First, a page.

Inherited wealth shouldn’t get a free pass on taxes
Dan Duncan is reportedly the first billionaire to die during the one year since 1916 in which there is no estate tax in place. His heirs have hit the tax-free jackpot.
Duncan is the poster child for opponents of the estate tax. Described by the New York Times as a “soft-spoken farm boy who started with $10,000 and two propane trucks,” he grew his business until he became the 74th wealthiest person in the world.
With an estimated net worth of $9 billion, Duncan embodies the rags-to-riches story that Americans love. Even his choice of bequests — leaving his money to his family and his favorite charities — makes him seem “just like us.” Who better to enjoy Congress’ largesse?
However appealing, this story fails to capture the nature of the estate tax, including the people who benefit and are harmed by its repeal.
The one person who absolutely cannot benefit is Dan Duncan himself. When Duncan died, he was separated from all his property by a force even more powerful than the federal government.
The financial benefit of repeal flows directly to Duncan’s children and grandchildren, who will receive their inheritance free of estate taxes.
Not only do Duncan’s heirs receive their inheritance free from estate taxes, they also will pay no income taxes on it. While virtually all other income (everything from wages to lottery winnings) is subject to income taxes at rates as high as 39%, property that is received by gift or inheritance is tax-free, even when billions of dollars are involved.
This raises a fundamental question for those who support repeal of the estate tax: why should inherited wealth receive a free pass?
The most common reason given is that this money has already been subject to tax when it was earned by the decedent and to do so again would constitute “double taxation.”
But there is no general principle that says income or property gets taxed only once. To the contrary, property is often subject to multiple taxation when it is used for different purposes.
In any given day, we are all subject to a variety of state and federal taxes. For instance, your earnings are subject to both income and payroll taxes, and that money is taxed again when you pay sales tax on your purchases and property taxes on your home.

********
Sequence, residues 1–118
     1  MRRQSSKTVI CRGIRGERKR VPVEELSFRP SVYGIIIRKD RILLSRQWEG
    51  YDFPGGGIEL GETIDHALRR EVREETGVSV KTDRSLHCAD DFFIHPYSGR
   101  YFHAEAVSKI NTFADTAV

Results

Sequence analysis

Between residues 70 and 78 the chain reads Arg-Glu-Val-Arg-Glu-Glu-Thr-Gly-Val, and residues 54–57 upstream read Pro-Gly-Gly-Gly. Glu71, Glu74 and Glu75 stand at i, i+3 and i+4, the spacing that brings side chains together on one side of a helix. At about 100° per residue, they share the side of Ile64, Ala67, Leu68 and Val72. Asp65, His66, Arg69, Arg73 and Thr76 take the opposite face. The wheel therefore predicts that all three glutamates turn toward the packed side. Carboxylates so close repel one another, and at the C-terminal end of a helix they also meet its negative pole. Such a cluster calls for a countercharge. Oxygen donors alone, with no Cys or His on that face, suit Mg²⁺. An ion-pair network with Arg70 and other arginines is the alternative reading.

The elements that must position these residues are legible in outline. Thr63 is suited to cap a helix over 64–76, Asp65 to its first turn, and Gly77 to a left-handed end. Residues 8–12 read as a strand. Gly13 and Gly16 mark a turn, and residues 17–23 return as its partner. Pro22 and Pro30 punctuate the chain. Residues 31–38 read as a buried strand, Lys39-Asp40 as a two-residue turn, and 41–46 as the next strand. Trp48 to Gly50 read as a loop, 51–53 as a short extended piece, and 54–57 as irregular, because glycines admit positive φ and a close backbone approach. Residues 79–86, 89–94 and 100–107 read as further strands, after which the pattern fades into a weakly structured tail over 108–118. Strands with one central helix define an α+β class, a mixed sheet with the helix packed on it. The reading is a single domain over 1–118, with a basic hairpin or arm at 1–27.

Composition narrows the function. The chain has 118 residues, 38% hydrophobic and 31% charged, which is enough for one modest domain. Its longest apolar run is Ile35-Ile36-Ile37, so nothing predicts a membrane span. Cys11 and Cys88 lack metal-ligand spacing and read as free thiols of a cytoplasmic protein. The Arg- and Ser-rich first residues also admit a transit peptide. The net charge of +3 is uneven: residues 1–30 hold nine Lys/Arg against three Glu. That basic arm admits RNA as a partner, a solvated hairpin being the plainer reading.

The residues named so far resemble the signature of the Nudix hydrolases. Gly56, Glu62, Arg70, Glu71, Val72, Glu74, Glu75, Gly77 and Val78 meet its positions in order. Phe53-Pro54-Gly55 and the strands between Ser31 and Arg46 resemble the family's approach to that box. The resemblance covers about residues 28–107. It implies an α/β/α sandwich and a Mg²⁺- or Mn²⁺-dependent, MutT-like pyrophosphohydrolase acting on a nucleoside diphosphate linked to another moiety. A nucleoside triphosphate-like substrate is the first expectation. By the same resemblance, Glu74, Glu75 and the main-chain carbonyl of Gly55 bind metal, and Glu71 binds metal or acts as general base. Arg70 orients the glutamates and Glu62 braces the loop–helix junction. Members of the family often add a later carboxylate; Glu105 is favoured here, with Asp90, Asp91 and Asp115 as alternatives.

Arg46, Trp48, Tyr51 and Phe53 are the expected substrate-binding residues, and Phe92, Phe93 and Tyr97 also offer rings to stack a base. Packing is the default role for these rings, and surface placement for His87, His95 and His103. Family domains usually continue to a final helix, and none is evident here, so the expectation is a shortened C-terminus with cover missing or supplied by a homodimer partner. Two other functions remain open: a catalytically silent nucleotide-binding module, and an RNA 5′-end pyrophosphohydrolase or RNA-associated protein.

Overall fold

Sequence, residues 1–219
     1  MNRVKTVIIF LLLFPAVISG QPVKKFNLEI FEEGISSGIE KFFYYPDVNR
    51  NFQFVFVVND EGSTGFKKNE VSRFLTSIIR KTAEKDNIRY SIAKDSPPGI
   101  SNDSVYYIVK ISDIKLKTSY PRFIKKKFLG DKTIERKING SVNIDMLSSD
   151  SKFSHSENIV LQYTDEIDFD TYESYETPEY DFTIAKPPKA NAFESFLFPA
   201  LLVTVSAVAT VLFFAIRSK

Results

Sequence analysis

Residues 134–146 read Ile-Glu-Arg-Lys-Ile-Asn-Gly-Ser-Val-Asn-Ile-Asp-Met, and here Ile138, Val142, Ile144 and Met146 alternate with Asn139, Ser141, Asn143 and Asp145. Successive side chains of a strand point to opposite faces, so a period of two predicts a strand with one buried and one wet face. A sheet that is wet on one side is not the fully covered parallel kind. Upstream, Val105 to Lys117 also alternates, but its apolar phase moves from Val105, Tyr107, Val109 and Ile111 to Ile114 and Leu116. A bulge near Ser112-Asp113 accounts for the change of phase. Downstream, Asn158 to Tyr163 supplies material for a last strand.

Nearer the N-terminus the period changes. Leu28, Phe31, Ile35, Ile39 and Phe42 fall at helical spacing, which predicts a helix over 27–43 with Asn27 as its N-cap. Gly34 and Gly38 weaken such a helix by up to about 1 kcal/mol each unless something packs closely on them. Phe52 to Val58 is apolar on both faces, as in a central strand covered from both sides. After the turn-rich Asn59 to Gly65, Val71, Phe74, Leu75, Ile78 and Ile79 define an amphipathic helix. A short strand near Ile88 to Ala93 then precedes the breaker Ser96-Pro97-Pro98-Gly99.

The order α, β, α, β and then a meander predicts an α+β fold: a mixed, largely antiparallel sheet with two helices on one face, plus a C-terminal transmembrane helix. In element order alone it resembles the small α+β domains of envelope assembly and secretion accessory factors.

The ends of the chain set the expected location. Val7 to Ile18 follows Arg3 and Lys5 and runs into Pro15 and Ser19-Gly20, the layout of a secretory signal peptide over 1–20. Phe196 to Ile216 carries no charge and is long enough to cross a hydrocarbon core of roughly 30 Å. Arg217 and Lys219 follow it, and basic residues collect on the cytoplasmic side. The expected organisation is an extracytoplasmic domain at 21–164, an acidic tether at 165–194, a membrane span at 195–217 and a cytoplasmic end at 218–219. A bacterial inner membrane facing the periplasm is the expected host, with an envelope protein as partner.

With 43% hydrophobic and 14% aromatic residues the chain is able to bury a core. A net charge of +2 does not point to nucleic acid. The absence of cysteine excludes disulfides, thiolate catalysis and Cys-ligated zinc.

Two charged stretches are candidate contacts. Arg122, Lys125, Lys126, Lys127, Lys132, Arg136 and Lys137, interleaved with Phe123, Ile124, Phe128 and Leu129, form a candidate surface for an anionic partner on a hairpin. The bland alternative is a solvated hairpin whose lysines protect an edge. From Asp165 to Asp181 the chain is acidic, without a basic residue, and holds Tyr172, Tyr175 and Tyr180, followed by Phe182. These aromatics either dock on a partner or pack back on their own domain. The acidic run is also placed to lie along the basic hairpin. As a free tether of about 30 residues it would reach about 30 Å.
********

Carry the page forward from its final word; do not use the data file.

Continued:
The double-tax argument is more fundamentally flawed for another reason. It is not dollars that are subject to tax — it is taxpayers. When a person earns $50,000 and then pays his mechanic $2,000 to fix his car, the mechanic cannot avoid taxes by claiming that the money was already subject to tax when earned by his customer.
The fact that wealthy heirs receive a windfall is only half the problem. The failure to collect estate and income taxes on large inheritances imposes significant costs on the rest of us.
First, Congress is giving up a valuable source of revenue. During the last 10 years, the estate tax has raised about $25 billion each year. Moreover, it has been estimated that if inherited income were subject to income taxes, this would have raised roughly $90 billion in 2009 alone.
Money raised from taxing inheritances could be put to good use: alleviating the tax burden for the less well off, funding programs that benefit the country as a whole or reducing the debt that we are passing on to our children.
Second, failing to tax large inheritances promotes concentrations of wealth that harm our democracy.
The United States is a very affluent country, but the wealth is distributed in a highly unequal manner. A few Americans own an enormous amount, and a large number of Americans own hardly anything at all.
What’s more, this disparity in wealth is far greater than disparities in income. Whereas the top 1% of earners earn 20% of all income, the wealthiest 1% of Americans own more than 33% of the country’s wealth. In contrast, 80% of households combined own less than 16% of the nation’s wealth. Inheritance plays an important role in creating this wealth gap, and failing to tax inherited wealth exacerbates the problem.
Studies consistently show that high concentrations of wealth correlate with poor economic performance of the country as a whole. Although no single cause has been determined, economists suggest that the reason is insufficient investment in education and other resources that benefit the country as a whole.
We see this in the United States today. Governmental policies in a democracy are supposed to be policies of the people being governed. But the wealthiest Americans — the group that tends to be able to either run for office successfully or fund the campaigns of others — have very different concerns than the general population.
Wealthy Americans have privatized education for their children, privatized security for their homes and privatized medical care through no-insurance concierge doctors. They are less likely to have the same level of interest in devoting taxpayer resources to good-quality public education, effective police and fire protection, and affordable medical care — let alone rights for workers and the unemployed
In the past, the estate tax, combined with such programs as the GI Bill, federal mortgage assistance programs and loans to small businesses, promoted a strong middle class and reduced the wealth owned by the top 1% from its high of 56% in 1912 to less than 20% by 1976.
Although our tax policies in the recent past have reversed this result, it’s not too late to change course yet again.
Ray D. Madoff is a professor at Boston College Law School.